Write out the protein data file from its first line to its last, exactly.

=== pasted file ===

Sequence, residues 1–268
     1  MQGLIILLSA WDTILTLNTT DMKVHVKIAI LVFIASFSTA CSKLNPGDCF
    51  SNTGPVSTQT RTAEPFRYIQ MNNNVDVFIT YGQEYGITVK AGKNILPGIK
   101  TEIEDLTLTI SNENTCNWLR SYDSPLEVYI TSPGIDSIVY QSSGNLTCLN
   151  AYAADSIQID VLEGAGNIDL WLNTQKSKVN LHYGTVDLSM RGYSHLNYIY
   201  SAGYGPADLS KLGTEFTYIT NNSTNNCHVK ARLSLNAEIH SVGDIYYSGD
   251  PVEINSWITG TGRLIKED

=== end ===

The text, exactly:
Sequence, residues 1–268
     1  MQGLIILLSA WDTILTLNTT DMKVHVKIAI LVFIASFSTA CSKLNPGDCF
    51  SNTGPVSTQT RTAEPFRYIQ MNNNVDVFIT YGQEYGITVK AGKNILPGIK
   101  TEIEDLTLTI SNENTCNWLR SYDSPLEVYI TSPGIDSIVY QSSGNLTCLN
   151  AYAADSIQID VLEGAGNIDL WLNTQKSKVN LHYGTVDLSM RGYSHLNYIY
   201  SAGYGPADLS KLGTEFTYIT NNSTNNCHVK ARLSLNAEIH SVGDIYYSGD
   251  PVEINSWITG TGRLIKED